Just how do they establish the TRUE initial boundary condition ?

      Just like all those people experimenting to prove back radiation – Just how do they establish the TRUE initial boundary condition ?

      Because without proof of THAT your measurements – no matter how precise – are meaningless !

  4. NASA does continue to monitor sea-levels with Jason-2 and in March 2015 (IIRC) they plan to launch Jason-3 to take the place of Jason-2 since the satellites are only expected to last for so long. Though I do find it interesting how one article seems to stress the “precise” and “very accurate” measurements of it. I would be very interested in knowing how NASA measures the sea level vs ESA with their Envisat. If its all a matter of massaging the data or applying algorithms to have the data “make sense” then how can we truly make an accurate determination of sea levels?

  5. I don’t think the shutdown of Jason-1 is an attempt to hide anything, Jason-2 is still operating, and Jason-3 scheduled for launch in 2015.
    With all of its fuel for maneuvering depleted… Contact with the satellite was lost on June 21 and efforts to re-establish it failed. On Monday, the satellite was ordered to turn off its attitude control systems. Jason-1 will slowly turn away from the sun and its solar-powered batteries will drain within the next 90 days, NASA said.
    I am a bit puzzled though by the above paragraph, if all contact was lost, then how could they order it to turn off it’s attitude control system? Something lost in translation from Nasaese into English?

  6. Satellites only have a useful life of around 10 years. They constantly require small positioning adjustments made by small “rocket” motors. The fuel for the rocket motors eventually exhausted.

    Normally, before the 10 year life is reached a replacement satellite unit is prepared and launched.
    – i.e. if the project has an ongoing status.

    Communication satellites are renewed on a regular basis. Countries or companies that set up a contract with NASA or some other launching company for communication satellite system specify a time period with a corresponding amount of satellites to cover that period.

    Where satellite communications are part of no fail system there maybe a backup unit already in space or another on the ground ready to be launched in the event of some failure.

  7. Sea levels. Falling and the sea floor is spreading from ocean volcanos. There are Many thosands
    of volcanos in the ocean. Millions of smaller vents that are much like a larger volcano.

  8. ‘Earth in Upheaval?’

    Instead of sea levels falling, is it possible that landmass is rising? Perhaps there are factors going on at the core that are changing the levels of the continental landmasses? We know in the last ice age that the increased mass of ice deformed land and has resulted in rebound in certain areas. But, is something else occurring? Perhaps we need to look at fluctuations in elevation on a global scale? I’m sure satellites have been measuring the precision of Earths radius over the past few decades?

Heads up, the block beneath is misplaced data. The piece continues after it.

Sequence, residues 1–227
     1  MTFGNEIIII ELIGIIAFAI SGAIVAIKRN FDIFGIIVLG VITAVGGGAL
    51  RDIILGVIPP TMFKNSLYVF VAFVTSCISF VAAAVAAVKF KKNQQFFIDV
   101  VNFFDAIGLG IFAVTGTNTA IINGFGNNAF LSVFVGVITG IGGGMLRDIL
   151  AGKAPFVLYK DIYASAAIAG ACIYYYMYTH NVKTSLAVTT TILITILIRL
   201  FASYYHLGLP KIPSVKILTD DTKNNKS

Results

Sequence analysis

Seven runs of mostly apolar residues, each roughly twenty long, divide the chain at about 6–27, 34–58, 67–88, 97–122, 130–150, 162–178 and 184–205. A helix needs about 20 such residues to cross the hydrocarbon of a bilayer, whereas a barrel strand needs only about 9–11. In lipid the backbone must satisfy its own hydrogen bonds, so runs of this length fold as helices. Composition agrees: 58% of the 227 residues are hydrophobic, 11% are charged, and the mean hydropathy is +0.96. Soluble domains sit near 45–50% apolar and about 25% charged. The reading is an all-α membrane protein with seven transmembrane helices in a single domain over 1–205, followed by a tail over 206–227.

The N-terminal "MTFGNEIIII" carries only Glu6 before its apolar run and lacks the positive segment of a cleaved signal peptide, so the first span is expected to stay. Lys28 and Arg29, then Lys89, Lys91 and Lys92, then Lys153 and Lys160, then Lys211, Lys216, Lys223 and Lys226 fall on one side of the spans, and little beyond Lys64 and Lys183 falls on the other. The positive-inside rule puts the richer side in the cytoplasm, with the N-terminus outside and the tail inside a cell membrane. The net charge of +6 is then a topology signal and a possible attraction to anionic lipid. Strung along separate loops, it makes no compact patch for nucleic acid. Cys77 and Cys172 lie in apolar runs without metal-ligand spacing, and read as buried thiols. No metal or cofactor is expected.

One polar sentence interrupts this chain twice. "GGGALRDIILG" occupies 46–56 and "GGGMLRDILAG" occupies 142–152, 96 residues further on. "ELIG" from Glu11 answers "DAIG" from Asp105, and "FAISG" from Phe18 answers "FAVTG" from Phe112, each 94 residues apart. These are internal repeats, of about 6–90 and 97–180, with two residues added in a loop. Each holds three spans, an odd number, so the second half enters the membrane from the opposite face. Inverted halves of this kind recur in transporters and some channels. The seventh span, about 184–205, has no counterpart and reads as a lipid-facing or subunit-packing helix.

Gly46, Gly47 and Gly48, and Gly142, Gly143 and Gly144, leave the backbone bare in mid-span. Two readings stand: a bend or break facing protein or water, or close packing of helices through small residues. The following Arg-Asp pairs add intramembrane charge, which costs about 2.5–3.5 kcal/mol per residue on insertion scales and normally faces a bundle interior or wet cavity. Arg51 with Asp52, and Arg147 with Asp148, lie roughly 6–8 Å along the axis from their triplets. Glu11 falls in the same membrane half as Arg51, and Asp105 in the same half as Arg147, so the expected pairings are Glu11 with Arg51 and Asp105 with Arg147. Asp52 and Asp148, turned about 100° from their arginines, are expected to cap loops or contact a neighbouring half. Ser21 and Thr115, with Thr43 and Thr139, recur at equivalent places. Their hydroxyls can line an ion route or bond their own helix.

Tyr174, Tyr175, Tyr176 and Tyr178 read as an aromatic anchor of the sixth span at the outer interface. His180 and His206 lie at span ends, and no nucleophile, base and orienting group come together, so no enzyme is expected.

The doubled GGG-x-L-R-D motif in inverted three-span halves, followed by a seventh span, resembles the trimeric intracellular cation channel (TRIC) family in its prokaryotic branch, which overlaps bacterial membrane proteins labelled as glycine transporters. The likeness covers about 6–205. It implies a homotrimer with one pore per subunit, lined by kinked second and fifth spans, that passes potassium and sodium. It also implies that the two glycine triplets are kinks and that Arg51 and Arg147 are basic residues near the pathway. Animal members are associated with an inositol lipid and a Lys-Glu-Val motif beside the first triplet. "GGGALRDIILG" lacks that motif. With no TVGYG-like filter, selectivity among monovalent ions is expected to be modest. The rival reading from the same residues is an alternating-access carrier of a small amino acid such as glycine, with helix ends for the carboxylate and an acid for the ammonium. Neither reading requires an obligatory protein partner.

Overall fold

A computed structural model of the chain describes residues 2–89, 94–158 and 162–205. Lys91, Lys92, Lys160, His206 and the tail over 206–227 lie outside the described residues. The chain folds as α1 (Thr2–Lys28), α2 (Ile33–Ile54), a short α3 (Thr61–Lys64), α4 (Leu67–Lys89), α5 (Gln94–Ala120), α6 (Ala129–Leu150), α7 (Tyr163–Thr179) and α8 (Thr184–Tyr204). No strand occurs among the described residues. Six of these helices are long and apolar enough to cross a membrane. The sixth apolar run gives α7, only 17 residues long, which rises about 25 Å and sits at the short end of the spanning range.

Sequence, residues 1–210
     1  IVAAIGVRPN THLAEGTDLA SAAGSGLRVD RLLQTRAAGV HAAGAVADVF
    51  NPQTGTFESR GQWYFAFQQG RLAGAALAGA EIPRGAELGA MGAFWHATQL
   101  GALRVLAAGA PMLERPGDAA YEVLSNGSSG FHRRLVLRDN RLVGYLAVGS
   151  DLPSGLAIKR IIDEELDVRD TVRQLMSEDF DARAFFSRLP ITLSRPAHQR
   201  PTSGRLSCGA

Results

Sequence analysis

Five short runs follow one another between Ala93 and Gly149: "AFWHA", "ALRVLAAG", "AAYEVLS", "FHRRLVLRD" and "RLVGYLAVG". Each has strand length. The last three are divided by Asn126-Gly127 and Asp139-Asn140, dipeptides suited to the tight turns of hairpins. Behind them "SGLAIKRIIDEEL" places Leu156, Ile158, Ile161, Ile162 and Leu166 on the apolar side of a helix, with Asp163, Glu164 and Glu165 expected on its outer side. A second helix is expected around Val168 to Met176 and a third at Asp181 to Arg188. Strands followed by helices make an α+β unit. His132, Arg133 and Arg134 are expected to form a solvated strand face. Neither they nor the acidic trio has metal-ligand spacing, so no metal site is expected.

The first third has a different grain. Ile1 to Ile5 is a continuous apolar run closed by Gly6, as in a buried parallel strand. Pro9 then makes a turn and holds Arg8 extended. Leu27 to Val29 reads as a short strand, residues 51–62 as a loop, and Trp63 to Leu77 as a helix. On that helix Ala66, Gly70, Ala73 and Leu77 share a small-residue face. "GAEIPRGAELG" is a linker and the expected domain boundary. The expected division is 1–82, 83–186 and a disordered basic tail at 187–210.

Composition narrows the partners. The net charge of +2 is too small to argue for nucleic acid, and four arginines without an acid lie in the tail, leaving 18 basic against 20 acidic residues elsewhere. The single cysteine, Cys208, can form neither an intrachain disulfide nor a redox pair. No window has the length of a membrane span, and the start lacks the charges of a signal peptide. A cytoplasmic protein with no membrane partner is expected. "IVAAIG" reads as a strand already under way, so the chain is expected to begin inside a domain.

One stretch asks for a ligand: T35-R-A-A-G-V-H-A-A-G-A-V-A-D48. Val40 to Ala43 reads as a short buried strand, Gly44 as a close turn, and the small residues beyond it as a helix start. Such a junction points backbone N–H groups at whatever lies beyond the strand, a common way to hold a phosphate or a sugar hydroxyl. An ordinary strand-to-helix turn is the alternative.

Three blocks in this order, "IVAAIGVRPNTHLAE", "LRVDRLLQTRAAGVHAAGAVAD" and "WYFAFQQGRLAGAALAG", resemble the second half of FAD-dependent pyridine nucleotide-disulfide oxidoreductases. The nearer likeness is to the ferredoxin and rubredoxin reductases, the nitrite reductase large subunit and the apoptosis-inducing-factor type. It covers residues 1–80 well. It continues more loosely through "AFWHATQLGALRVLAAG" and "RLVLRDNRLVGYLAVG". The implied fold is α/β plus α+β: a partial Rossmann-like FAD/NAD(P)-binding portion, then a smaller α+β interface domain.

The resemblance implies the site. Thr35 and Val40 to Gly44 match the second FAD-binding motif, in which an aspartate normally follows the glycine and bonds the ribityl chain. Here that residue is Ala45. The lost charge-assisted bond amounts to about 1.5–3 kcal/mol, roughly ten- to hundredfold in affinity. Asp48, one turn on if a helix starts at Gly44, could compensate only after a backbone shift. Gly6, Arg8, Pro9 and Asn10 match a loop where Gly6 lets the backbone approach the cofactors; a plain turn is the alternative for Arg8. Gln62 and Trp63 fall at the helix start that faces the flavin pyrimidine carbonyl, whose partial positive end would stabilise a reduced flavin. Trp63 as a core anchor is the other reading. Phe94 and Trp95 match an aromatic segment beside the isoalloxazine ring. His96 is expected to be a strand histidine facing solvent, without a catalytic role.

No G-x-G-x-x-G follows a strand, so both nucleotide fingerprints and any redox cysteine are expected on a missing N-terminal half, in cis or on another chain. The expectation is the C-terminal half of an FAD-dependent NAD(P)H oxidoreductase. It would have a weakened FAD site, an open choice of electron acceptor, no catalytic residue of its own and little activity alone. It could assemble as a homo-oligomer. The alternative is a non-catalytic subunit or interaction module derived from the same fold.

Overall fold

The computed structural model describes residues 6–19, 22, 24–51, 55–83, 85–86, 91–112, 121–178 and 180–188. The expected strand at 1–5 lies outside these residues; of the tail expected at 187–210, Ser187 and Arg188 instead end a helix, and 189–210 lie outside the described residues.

• The whole ‘sea levels falling/rising’ thing is like a can of worms. The Continents do ‘float’ on the earth’s mantle, so one could expect some extremely slow motion bobbing up and down over extremely long periods of time. And yes, there is glacial rebound.

      However, there is no precision measurement of earth’s radius because the earth is not anywhere close to a perfect sphere. Say for example the radius at Death Valley, some 200 ft. below sea level, vs. radius at the summit of Mt. Everest.

  9. Sea levels have been falling (quite rapidly actually) since 1985.
    This was confirmed by several guage measurements in the Pacific, Atlantic and Indian Oceans since the mid 80’s and we also know that sea levels fell 2.5 inches from 1992 thru 2000 in Tuvalu in the Pacific. Then they fell another 5mm per year since 2010 also. So sea levels have been falling since 1985. Forget NASA. We don’t have to wait for their false, agenda driven information. They have no integrity left these days.

  10. The data of Envisat showed that sealevel rises by 2,7 mm/yr. But Envisat died.
    The data of Jason-1 show that sealevel risis by 2,7 mm/yr. Lower than 3 mm/year… and now Jason-1 is gone.

    The only remaining satellite Jason-2 reports that sealevel rises more than 3 mm/yr.
    It’s probably pure coïncidence that only the highest scoring satellite remains.

  11. Measurement of “rising sea level” is meaningless without also measuring “rising land level”. The rate of expansion of the earth calculated by measuring the age of rock at the bottom of the ocean was confirmed by a 27 year NASA study using GPS. It was found the earth expands 18-20 mm/year. That result is hard to find because it was dismissed as a measurement error. Admitting its validity would require an explanation and few within an established government program are ready to open that door because it means challenging basic assumptions of physics. But regardless of one’s opinions on that subject, the expansion was actually measured and it means earth’s radius expands about 9mm/year (3/8″), more than the range of the argument about sea level. If a satellite using the center of the earth as a reference reports sea level is rising 3mm/yr then tide gauge readings can go down 6mm/yr and everybody can be right without anything really happening.

  12. The continents rebound after an ice age , they “wring”,
    as do temperatures , look at the graphs , small
    variations mean little .

  13. The only way to fully make sense of any changes in sea levels would be to also measure changes in ocean depths and changes in continental altitude levels as well. Then it may be possible to determine where the Sea level changes are coming from.
    I suspect that one could measure falling sea levels in one location and rising levels in another simultaneously.